IOC Meets in St. Petersburg

IOC Meets in St. Petersburg

Published: May 29, 2013 (Issue # 1761)

Bebeto Matthews / ap

Wrestling is one of eight sports seeking inclusion to the 2020 Summer Olympics in a pitch to the IOC executive board this week.

Sports officials from around the world have descended on St. Petersburg for a major industry convention where wrestling will bid to remain an Olympic sport.

The SportAccord convention will also host President Vladimir Putin, underlining his drive to restore the country as a major sports power.

The convention formally opened Tuesday, but some organizations held preliminary meetings on Monday. In all, some 1,500 delegates are expected.

The spotlight will be on meetings of the International Olympic Committee’s executive board, which is to hear presentations from eight sports seeking inclusion at the 2020 Olympics. In February, the IOC dropped wrestling as a core sport after the 2016 Games, but it is one of the eight sports to pitch in St. Petersburg for the open position.

The other contenders are squash, sport climbing, karate, roller sports, wushu, wakeboarding and a combined baseball-softball bid. The IOC board will announce which sports made the shortlist after the presentations at SportAccord, but the final decision will come at a full IOC meeting in September.

Aiming to make the sport more appealing to spectators, wrestling’s international federation FILA made an array of rule changes this month at a special congress in Moscow. That location emphasized not only the importance of wrestling for Russia, long a world power in the sport, but of Russia’s growing prominence in world sports.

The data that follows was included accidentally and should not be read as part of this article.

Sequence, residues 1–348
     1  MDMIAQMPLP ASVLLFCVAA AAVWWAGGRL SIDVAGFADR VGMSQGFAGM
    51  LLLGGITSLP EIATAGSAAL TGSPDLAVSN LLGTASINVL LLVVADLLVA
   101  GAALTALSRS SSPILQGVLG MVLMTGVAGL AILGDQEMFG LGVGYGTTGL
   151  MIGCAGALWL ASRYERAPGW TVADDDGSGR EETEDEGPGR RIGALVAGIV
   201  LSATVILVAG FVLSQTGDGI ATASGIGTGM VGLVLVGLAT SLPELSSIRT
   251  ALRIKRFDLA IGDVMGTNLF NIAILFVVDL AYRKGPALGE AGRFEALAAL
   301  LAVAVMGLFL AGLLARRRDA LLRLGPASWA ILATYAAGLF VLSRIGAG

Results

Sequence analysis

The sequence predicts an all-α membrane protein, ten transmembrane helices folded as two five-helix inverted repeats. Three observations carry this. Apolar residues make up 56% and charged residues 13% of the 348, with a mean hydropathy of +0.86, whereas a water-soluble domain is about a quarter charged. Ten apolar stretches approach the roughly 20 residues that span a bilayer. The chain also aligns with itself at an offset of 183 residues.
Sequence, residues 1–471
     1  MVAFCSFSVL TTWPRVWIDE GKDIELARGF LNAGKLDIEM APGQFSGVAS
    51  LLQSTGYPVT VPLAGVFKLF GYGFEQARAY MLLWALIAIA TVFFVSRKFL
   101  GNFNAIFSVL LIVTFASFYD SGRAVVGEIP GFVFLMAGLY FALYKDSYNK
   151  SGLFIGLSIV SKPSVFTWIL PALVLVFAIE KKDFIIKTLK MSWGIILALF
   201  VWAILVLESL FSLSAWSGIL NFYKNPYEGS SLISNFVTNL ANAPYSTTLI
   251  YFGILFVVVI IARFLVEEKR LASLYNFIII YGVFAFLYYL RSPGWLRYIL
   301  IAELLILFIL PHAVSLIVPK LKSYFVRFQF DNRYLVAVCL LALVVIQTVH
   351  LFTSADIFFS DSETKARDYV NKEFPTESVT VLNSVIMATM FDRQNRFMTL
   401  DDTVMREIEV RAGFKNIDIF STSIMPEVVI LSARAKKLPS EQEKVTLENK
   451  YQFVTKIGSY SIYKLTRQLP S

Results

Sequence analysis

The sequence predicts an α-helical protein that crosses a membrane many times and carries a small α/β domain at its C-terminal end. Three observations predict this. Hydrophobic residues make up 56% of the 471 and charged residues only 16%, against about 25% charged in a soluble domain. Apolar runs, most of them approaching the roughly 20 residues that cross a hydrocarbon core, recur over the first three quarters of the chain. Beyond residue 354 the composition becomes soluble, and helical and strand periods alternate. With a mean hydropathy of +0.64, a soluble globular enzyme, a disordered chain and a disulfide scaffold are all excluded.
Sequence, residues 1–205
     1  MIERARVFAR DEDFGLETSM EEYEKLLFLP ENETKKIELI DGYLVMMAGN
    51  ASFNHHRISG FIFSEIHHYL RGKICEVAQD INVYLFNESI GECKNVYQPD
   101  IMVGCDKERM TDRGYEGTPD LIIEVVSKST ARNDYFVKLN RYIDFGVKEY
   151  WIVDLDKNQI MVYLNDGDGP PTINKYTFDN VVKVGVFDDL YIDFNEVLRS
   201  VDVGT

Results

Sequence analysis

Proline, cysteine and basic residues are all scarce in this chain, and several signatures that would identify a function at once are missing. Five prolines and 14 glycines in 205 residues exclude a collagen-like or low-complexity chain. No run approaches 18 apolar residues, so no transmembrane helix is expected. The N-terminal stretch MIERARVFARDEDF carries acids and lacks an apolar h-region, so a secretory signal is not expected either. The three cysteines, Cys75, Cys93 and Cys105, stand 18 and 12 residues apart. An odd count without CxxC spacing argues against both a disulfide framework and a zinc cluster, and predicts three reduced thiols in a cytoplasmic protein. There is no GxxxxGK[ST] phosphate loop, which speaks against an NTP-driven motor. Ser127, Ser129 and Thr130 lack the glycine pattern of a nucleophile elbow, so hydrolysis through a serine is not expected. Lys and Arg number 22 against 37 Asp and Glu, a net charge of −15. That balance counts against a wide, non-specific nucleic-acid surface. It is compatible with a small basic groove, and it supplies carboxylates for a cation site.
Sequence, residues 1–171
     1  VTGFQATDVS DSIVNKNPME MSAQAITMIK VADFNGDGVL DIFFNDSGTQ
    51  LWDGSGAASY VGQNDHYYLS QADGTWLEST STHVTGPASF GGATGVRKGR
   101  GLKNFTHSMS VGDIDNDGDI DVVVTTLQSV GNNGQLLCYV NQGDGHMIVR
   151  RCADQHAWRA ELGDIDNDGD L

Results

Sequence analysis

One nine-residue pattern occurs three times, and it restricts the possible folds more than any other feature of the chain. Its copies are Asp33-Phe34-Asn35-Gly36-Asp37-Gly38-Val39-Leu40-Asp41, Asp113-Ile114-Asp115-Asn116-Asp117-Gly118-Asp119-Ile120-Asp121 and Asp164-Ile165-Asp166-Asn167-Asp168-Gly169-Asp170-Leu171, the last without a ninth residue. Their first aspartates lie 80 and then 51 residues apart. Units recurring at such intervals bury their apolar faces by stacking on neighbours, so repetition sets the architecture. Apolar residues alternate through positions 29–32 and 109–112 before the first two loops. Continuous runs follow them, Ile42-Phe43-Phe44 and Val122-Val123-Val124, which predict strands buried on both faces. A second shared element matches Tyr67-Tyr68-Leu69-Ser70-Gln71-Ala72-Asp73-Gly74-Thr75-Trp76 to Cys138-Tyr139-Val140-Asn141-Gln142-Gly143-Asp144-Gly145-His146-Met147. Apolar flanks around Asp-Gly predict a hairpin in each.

The Soviet collapse and the ensuing economic troubles severely weakened the sports establishment once called “The Big Red Machine.” Putin has made revival of sports a priority, and hosting the SportAccord convention adds to Russia’s newly-burnished image.

Putin’s major success in sports was winning the right to hold the 2014 Winter Olympics in Sochi despite the need to build all the venues from scratch and concern about Russia’s often-shabby transportation and complex visa system. He is to meet with IOC president Jacques Rogge on Thursday at the St. Petersburg gathering for discussions likely to include the progress of preparations with the games just nine months away.

The Sochi organizing committee meanwhile will use the convention to unveil its design for the Olympic medals.

Since the Sochi bid, Russia scored another huge win by being awarded the football World Cup for 2018 and has tallied other world-class events including stepping up at short notice to hold the 2011 figure skating world championships instead of Tokyo after Japan’s massive earthquake and tsunami.

Russia also is hosting the track and field world championships this year in Moscow and next year will hold the world swimming championships in Kazan.

The IOC executive board will also hear presentations from the three candidate cities for the 2020 Summer Olympics — Madrid, Tokyo and Istanbul.

“Istanbul 2020 has been a national priority for Turkey,” said Hasan Arat, Chairman of the Istanbul 2020 Bid Committee. “For 20 years, hosting the Games has been one of our nation’s deepest ambitions. It’s great to be here in this wonderful city for this crucial milestone for our bid, and for our country. Istanbul 2020 is determined to offer the perfect partnership to the Olympic Family; SportAccord 2013 is a chance to enhance our understanding of their top priorities for the future.

“St. Petersburg is one of Istanbul’s Sister Cities, and it has 342 bridges. So what better place to share our message of unity with the Olympic family: Bridge Together,” he said, quoting the slogan of the Istanbul 2020 bid.

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